This is the same river that we saw at the Grand Tetons near Jackson, Wyoming.
Our backyard in Farewell Bend is visited daily by a herd of cattle. We see a lot of these herds, grazing on hundreds of acres. This herd numbers about 30 to 40 .
As indicated before, we are right on the Snake River. The hills across the way are in Idaho, our next destination.
We are fairly close to Boise, Idaho. But we opt for a quieter route and take Route 201 from 84 to Route 95 north.
Along the way are beautiful farms. Some are growing hay, some cattle, some horses, and some sheep.
Every now and then some fields of those famous Idaho potatoes are showing.
Jan and I have found a good review for a campground on the Snake River. It is 30 miles northwest of Cambridge on route 71, a very winding mountainous road.
And also a group heading off on a horseback ride.
And the end of our trail brings us to Woodhead Park Campground. 124 sites, run by Idaho Power Company.
The power company has three dams on the Snake River. The first above here is the Brownlee Dam and this is on the Brownlee Reservoir.
The boat launch at the campground attests to the popularity. Even with a 30 mile drive from the nearest town, there are about thirty boat trailers here on a weekday.
And the action at the fish cleaning station indicates that the fishermen are doing quite well.
Large trucks bring fish from the power company hatcheries. In this case they are Salmon that will migrate out to the ocean and then back in 7 years to lay eggs. There are some readers who will be interested in this link to the Idaho Power program. Idaho Power Hatchery Program
This Sheriff's boat at the campground is typical of the boats that are launched here. Interesting that many to most of them have the hard topped cabin with a walk through window. This could be attributed to the constant rain possibilities. Also interesting is that many of the boats carry three motors. A large main motor. A smaller 40 to 80 horsepower backup, and a trolling motor on the bow. Since we had no phone, internet, or any other signal here, you can understand why the backup motors.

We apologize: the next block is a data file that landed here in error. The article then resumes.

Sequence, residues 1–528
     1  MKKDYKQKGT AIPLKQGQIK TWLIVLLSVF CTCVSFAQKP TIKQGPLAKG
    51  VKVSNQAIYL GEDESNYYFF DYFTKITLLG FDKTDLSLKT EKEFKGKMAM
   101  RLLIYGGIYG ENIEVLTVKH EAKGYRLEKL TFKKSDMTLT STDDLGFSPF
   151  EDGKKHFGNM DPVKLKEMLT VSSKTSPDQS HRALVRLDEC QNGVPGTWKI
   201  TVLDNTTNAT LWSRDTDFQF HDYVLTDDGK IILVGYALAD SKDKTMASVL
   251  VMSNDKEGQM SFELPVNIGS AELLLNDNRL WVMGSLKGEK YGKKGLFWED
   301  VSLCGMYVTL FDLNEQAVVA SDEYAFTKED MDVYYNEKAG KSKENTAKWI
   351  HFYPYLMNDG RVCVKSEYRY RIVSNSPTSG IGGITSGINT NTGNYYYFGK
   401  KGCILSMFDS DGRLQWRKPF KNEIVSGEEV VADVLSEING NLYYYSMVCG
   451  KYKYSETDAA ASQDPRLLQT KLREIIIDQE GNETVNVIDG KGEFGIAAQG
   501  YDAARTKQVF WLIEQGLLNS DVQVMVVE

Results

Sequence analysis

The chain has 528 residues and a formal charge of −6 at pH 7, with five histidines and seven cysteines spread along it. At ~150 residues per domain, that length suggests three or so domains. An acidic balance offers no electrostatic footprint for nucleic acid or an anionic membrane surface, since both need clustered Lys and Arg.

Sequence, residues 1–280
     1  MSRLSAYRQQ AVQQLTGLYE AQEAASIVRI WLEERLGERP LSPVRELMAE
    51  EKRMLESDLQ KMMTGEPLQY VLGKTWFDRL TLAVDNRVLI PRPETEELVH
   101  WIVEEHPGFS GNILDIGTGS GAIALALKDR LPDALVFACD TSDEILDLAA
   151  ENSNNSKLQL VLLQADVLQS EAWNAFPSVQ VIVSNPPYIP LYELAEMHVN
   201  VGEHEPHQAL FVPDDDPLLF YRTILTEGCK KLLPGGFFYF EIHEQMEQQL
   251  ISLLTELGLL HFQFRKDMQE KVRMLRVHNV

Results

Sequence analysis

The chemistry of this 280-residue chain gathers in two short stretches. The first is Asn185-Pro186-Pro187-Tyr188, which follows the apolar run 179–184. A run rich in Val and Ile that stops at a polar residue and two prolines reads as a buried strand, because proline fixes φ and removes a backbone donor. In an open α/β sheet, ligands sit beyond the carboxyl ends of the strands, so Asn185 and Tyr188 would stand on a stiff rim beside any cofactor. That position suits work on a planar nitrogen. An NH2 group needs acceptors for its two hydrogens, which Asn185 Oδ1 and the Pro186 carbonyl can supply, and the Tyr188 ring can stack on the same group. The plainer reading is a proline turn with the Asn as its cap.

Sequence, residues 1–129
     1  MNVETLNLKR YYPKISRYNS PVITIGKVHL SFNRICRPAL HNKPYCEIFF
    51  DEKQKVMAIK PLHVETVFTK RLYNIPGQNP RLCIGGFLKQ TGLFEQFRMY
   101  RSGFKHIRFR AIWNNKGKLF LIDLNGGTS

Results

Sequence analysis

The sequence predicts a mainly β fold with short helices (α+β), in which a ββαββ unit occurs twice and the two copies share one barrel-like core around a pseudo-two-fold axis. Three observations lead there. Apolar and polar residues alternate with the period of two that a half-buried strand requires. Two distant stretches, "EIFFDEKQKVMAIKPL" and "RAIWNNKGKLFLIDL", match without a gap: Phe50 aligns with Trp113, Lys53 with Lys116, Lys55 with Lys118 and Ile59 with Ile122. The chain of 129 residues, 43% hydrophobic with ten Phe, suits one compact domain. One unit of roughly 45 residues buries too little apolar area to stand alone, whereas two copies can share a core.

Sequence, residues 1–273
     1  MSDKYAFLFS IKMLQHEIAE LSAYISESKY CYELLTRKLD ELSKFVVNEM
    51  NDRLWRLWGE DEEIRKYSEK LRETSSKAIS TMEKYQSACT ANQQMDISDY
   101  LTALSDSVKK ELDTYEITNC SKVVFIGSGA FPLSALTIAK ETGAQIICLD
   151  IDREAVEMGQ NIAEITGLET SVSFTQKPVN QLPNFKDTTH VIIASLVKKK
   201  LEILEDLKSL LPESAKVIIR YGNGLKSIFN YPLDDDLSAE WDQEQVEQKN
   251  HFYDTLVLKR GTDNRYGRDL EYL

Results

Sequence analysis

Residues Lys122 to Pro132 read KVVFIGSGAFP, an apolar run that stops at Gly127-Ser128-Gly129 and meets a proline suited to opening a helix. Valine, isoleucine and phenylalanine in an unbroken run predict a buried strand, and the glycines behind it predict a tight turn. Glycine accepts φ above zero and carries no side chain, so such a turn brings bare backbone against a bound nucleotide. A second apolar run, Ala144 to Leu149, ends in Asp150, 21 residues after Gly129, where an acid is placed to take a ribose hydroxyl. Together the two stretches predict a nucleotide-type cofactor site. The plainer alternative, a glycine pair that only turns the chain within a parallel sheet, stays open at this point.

This is our site with a great view of the reservoir down to the right. Electric and water hookups, very nice modern bathrooms and showers, and a dump station for $14 per night for seniors. Thank you, Idaho Power.
One neighbor indicated that he thought this was the best campground in Idaho.
There are even some colorful, blooming roses.
Back over the mountain to Cambridge, up Route 95 to Meadows, and then down Route 55 to Lake Cascade State Park on the west side of the lake.
Actually there are about 12 different campgrounds in the park on both the east and west side of the lake.
Some have electric, some full hookup and some dry camping. We choose Buttercup for dry camping.
And a wonderful site right on the shore. No hookups and we are alone in this little park. All for the strange price of $11.51 for out of staters. However, this reflects a 50% discount for seniors Monday through Thursday.
You will note we have the satellite TV working and we also have good cell here. Yea!!